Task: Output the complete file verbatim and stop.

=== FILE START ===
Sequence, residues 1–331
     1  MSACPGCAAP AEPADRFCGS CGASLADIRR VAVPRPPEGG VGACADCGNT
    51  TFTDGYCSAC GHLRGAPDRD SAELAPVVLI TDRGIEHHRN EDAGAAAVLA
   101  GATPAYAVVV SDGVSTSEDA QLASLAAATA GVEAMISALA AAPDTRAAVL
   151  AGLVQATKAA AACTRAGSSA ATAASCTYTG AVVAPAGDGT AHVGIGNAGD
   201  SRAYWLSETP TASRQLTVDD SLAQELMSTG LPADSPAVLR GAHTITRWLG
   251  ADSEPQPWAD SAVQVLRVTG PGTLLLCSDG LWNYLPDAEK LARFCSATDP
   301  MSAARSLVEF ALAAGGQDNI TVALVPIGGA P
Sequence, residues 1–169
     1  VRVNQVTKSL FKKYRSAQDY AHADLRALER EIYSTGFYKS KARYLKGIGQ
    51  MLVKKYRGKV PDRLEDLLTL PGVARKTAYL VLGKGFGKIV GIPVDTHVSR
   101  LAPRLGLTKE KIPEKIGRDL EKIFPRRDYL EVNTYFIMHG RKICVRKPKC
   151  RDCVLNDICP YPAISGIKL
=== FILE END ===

Sequence, residues 1–331
     1  MSACPGCAAP AEPADRFCGS CGASLADIRR VAVPRPPEGG VGACADCGNT
    51  TFTDGYCSAC GHLRGAPDRD SAELAPVVLI TDRGIEHHRN EDAGAAAVLA
   101  GATPAYAVVV SDGVSTSEDA QLASLAAATA GVEAMISALA AAPDTRAAVL
   151  AGLVQATKAA AACTRAGSSA ATAASCTYTG AVVAPAGDGT AHVGIGNAGD
   201  SRAYWLSETP TASRQLTVDD SLAQELMSTG LPADSPAVLR GAHTITRWLG
   251  ADSEPQPWAD SAVQVLRVTG PGTLLLCSDG LWNYLPDAEK LARFCSATDP
   301  MSAARSLVEF ALAAGGQDNI TVALVPIGGA P
Sequence, residues 1–169
     1  VRVNQVTKSL FKKYRSAQDY AHADLRALER EIYSTGFYKS KARYLKGIGQ
    51  MLVKKYRGKV PDRLEDLLTL PGVARKTAYL VLGKGFGKIV GIPVDTHVSR
   101  LAPRLGLTKE KIPEKIGRDL EKIFPRRDYL EVNTYFIMHG RKICVRKPKC
   151  RDCVLNDICP YPAISGIKL